professional team approach which consist of divers
health cre professional possess expertise to care
patients with tracheostomy. The findings indicated
that tracheotomy teams increased the regularity of care
through the expansion and application of inter
professional protocol. These findings provided new
ways of understanding the role of tracheostomy teams
in effectively implementing complex protocols and
mechanisms through which inter professional teams
might produce positive consequences for tracheotomy
Tracheal suctioning is an important aspect of
airway management however, this aspect of care is
associated with many rist factors therefore, its is
important for health care professionals to follow
evidence based guidelines to prevent complications
and promote safety. Moever, the knowledge and
competence of health care professionals play an
important role in enhancing safety of the patient.
Acknowledgement: I (Rozina Khimani, principal
investigator) would like to acknowledge Division of
Nursing Services, Aga Khan University, Hospital,
Conflict of Interest: The authors declare having no
conflict of interest.
Source of Funding: No separate funding was received
for this study as the current study was done during
1. Day, T., Farnell, S., Haynes, S., Wainwright, S., &
Wilson-Barnett, J. (2002). Tracheal suctioning: an
exploration of nurses’ knowledgeand
competence in acute and high dependency ward
areas. Journal of Advanced Nursing, 39 (1), 35-45.
2. Freeman, S. (2011). Care of adult patients with a
temporary trachesotomy. Nursing Standard,26 (2),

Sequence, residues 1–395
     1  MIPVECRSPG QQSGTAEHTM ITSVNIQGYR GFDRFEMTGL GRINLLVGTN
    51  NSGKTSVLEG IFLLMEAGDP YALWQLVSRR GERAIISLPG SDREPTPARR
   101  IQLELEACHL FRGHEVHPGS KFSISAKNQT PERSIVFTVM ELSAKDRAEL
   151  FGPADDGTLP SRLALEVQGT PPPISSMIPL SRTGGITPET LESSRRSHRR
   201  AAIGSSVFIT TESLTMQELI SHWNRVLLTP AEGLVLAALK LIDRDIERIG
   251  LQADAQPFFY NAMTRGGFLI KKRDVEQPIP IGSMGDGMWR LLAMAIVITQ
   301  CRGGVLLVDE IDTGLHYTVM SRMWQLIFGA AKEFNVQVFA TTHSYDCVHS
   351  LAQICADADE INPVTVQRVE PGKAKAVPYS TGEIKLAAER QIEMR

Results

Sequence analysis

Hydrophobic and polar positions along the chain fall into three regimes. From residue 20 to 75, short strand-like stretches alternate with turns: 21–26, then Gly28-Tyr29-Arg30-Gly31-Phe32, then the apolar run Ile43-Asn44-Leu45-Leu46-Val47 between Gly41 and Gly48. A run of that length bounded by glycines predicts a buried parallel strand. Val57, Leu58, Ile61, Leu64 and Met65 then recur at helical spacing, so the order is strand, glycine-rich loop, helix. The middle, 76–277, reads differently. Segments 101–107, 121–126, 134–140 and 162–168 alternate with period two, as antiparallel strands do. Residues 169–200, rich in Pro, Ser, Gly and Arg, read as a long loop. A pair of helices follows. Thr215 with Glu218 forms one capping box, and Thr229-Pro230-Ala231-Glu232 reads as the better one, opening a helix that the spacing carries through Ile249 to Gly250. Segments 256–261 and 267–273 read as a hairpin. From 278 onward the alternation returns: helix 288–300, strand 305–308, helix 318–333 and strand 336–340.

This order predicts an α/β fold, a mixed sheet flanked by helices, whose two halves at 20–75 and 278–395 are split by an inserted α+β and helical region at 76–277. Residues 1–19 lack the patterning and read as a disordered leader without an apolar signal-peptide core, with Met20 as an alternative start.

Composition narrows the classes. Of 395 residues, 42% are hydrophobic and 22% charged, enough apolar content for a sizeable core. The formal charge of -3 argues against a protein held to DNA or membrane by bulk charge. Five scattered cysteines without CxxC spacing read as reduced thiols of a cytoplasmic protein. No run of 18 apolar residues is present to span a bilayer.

3. Nance-Floyd, B. (2011). Tracheostomy care: An
evidence-based guide to suctioning and dressing
change. Journal of American Nurse Today , 6 (7),
4. Wood, C. J. (1998). Endotracheal suctioning: a
literature review. Journal of Intensive and Critical
Care Nursing, 14, 124-136.
5. Kuriakose, S. A. (2008). Using the synergy model
as best practice in endotracheal tube suctioning
of critically ill patients. Journal of Dimensions of
Critical Care Nursing, 27(1), 10-15.
6. Niel-Weise, B. S., Snoeren, R. L., & Broek, P. J.
(2007). Policies for Endotracheal Suctioning of
Patients Receiving Mechanical Ventilation: A
Systematic Review of Randomized Controlled
Trials. Journal of Infection Control and Hospital
Epidemiology, 28(5), 529-536.
7. Kelleher, S., & Andrews, T. (2006). An
observational study on the open-system
endotracheal suctioning practices of critical care
nurses. Journal of Clinical Nursing, 17, 360-369.
8. Russell, C. (2005). Providing the nurse with a
guide totracheostomy care and mangement.
British Journal of Nursing , 14 (8), 428-433.
9. Day, T., Wainwright, S. P., & Wilson-Barnett, J.
(2001). An evaluation of teaching Intervention to
improve the practice of endotracheal suctioning
in intensive care unit. Journal of Clinical Nursing,
10. Atta, J. M., & Beck, S. L. (1992). Preventing